Fish has sustained the population of Norway for centuries and, as a result, one of the most powerful nations in history was born here, the Vikings. The most important fish in Lofoten (and Northern Norway in general) is the Norwegian arctic cod, which migrates in the area every year, from January to April, in order to spawn. Lofoten's main fish product is stockfish, which is usually cod, dried by cold air and wind on wooden racks. You will notice that every village here has the wooden racks around the fishing cabins.
The fish in Lofoten was so abundant, that a lot of other people from Northern Norway came here during the season to take part in the fishery. The traditional fisherman's cabins (called "rorbu" in Norwegian) used to be rented out to the fishermen and date back at least 1 000 years. You will see the fisherman's cabins all over Lofoten and they are all kept in excellent condition, making these villages around these islands really beautiful and special.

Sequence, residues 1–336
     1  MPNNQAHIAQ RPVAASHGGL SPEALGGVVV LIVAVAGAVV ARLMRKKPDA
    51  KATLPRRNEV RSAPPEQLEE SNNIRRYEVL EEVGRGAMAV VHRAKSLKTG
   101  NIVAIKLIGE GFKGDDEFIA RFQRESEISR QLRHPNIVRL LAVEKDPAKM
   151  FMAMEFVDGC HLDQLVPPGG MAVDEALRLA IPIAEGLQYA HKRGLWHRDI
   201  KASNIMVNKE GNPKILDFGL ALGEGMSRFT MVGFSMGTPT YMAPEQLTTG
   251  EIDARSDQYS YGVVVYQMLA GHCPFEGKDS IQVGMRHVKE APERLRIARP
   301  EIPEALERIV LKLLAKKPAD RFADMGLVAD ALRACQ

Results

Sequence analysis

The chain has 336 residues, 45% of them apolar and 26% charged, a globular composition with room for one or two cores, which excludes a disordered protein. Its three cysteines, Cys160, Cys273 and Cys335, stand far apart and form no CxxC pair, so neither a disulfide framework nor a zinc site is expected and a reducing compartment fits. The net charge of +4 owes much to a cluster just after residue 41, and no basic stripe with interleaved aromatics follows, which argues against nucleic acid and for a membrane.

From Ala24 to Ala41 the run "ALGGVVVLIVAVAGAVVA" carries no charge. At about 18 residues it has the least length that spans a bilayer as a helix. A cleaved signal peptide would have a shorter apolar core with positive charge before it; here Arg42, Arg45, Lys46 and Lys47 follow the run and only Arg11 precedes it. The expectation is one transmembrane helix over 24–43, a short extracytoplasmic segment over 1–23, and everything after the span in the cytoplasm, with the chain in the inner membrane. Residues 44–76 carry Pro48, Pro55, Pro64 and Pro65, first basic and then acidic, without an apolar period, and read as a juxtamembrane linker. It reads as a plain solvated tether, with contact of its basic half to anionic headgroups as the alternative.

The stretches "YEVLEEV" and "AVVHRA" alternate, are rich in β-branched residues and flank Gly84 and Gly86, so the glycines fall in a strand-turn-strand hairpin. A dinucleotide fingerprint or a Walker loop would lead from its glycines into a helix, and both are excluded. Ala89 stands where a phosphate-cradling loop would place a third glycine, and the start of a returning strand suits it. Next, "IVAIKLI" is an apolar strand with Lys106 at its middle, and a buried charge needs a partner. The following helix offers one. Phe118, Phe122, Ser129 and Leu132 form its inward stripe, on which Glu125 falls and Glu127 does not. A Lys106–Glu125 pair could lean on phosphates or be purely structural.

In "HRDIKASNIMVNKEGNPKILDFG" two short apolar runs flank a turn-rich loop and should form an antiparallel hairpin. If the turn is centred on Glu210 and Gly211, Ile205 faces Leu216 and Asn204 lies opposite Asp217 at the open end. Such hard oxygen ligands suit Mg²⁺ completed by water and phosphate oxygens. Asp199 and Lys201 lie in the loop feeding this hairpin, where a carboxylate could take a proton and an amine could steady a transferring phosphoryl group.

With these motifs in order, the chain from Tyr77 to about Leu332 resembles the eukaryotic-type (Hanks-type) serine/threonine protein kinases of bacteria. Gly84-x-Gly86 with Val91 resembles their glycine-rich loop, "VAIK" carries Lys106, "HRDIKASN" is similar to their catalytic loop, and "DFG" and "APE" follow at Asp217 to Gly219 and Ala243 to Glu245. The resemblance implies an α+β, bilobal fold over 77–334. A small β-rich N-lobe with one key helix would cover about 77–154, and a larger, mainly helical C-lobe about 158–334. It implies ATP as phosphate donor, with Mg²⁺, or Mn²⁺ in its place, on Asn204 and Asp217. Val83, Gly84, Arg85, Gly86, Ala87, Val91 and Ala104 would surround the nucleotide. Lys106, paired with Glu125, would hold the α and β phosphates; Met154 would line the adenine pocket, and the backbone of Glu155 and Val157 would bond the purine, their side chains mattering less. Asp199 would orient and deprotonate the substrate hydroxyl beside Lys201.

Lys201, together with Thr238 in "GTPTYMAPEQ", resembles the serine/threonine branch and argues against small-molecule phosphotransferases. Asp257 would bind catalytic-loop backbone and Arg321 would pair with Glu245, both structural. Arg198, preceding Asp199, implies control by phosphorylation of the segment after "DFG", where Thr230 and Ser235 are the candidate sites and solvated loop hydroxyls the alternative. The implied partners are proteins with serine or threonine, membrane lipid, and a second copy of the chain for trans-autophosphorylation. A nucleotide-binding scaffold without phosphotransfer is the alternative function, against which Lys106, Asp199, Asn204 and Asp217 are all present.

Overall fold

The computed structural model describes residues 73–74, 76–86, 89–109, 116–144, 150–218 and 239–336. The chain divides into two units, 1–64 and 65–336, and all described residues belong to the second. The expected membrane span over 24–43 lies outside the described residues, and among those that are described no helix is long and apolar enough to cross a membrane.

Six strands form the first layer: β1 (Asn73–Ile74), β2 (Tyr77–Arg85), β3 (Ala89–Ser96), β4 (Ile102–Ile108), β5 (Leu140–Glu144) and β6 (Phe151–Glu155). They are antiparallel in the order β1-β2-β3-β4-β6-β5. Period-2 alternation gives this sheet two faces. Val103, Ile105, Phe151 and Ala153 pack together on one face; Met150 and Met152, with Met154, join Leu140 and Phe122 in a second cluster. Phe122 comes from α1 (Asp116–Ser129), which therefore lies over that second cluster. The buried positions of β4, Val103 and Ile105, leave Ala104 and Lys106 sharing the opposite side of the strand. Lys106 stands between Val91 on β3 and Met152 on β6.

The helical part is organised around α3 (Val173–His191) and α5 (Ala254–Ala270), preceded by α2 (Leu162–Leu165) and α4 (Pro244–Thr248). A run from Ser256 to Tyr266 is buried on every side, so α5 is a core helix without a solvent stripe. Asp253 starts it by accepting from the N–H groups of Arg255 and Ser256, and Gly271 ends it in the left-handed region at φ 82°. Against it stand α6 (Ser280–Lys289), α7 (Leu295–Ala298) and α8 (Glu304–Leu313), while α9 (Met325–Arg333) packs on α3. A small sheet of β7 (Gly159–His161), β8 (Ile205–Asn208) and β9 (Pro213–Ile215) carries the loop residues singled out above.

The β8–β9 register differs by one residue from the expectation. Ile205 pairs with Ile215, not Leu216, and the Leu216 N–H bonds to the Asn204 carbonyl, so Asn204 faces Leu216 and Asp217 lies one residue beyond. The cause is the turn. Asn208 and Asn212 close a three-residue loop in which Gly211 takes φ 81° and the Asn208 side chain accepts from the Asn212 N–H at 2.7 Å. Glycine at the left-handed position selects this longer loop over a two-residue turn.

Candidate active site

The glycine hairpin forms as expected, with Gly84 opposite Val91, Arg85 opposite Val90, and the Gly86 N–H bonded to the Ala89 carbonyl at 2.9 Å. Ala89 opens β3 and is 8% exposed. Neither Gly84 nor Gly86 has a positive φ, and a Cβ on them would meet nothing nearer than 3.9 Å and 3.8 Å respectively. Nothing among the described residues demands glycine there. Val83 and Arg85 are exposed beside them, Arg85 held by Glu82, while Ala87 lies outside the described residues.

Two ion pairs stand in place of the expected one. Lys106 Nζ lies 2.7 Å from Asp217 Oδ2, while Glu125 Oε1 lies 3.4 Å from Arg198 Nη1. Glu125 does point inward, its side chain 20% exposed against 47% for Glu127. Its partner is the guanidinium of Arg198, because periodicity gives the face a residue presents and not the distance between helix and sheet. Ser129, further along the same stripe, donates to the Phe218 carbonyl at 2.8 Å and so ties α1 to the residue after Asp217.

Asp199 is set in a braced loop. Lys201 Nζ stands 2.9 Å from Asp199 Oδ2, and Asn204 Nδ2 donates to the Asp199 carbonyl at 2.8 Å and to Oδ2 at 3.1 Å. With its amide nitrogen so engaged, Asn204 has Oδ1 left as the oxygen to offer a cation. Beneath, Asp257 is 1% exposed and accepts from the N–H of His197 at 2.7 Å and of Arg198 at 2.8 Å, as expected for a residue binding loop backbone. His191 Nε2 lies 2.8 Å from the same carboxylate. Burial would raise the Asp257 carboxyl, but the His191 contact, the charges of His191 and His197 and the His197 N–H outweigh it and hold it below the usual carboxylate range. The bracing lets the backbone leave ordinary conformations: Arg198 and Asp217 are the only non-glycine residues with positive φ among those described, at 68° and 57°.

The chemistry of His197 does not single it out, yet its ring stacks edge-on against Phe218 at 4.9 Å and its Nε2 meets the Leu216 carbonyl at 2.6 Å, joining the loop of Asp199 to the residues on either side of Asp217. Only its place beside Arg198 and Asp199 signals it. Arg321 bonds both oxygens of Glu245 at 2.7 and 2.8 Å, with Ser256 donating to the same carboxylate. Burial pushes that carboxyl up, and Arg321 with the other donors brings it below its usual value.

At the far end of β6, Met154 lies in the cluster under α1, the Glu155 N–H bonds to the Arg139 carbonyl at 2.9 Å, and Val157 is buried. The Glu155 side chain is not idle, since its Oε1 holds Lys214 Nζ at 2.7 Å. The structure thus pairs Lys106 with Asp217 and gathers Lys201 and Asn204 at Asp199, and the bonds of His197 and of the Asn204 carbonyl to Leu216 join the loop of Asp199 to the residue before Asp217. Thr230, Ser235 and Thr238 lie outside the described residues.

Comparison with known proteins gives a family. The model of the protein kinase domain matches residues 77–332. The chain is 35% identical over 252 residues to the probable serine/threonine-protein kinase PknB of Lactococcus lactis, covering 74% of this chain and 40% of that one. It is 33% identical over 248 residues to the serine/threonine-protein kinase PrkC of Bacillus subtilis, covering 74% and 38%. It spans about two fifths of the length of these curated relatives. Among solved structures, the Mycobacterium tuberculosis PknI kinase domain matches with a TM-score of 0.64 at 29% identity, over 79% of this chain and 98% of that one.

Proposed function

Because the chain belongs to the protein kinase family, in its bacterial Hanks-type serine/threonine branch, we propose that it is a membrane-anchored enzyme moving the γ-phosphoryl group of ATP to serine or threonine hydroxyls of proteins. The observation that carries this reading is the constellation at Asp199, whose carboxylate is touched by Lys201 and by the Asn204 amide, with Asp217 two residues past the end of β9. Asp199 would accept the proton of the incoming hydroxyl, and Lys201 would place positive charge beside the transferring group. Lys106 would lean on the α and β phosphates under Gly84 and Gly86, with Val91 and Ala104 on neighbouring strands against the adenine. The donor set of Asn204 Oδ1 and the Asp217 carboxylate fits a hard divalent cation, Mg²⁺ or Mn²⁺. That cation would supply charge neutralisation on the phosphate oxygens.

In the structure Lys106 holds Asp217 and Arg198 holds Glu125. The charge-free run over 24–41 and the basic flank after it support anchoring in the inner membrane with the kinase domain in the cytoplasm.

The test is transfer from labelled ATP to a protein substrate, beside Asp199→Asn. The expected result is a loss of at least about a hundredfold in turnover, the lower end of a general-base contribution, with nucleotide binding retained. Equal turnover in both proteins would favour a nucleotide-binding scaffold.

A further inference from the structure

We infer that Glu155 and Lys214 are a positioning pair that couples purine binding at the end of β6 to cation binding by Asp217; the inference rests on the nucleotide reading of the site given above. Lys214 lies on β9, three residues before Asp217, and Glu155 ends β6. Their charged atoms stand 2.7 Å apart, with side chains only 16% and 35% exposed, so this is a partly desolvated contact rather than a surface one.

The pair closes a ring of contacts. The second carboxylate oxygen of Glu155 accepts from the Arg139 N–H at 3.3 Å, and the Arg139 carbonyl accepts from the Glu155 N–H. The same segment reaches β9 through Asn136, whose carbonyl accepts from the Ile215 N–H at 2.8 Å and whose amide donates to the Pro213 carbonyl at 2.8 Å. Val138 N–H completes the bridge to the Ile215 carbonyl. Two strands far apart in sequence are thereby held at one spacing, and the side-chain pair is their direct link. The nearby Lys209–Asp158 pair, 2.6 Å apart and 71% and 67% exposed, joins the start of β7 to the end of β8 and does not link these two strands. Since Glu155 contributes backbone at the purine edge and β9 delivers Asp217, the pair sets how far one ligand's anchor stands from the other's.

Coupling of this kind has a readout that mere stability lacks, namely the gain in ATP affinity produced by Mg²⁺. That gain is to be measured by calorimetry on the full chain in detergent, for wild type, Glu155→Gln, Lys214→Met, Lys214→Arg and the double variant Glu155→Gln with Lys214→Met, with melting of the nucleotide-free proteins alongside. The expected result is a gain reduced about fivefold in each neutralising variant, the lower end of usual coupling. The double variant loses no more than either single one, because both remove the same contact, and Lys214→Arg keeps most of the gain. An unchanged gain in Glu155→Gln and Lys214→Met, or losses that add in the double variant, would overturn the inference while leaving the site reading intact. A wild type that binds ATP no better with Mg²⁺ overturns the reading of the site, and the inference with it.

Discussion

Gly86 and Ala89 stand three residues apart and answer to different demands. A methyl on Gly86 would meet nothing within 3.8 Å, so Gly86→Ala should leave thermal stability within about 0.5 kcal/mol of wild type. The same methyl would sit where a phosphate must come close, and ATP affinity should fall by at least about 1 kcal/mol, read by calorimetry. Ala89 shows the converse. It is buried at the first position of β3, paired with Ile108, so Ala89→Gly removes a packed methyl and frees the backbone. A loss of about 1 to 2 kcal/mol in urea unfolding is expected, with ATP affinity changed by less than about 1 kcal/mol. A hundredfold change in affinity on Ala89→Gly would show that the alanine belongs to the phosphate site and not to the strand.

Here are a few of the villages I had the pleasure to visit during my stay in Lofoten, each village being surrounded by magnificent views of the fjords and mountains. I was driving from Tromsø, so the villages are in the same order as I visited them.
Svolvær is more of a town than a village and it is located on the island of Austvågøy. It has a population of 4 720 people (year 2018).
Svolvær serves as a great base while visiting Lofoten, as there are many attractions around here. You can book whale watching tours, fjord sightseeing tours and eagle safaris. I booked the eagle safari and Trollfjord sightseeing tour and it was amazing!
Svolvær is also famous among rock climbers, Svolværgeita rock formation being one of the most climbed rocks in Lofoten.
Most of the fishing cabins nowadays are reserved for tourists and for example these ones below looked amazing.
Henningsvær is a fishing village located on several small islands off the southern coast of the large island of Austvågøya in the Lofoten archipelago. The village is about 20 kilometres drive southwest from Svolvær, mostly located on the islands of Heimøya and Hellandsøya.
Henningsvær is connected to the rest of Vågan via the Henningsvær Bridges, which have been opened quite recently (1983). The fact that the bridges here were open so late means that Henningsvær was quite isolated, so it has the most pristine fisherman's village kind of architecture from the entire Lofoten region.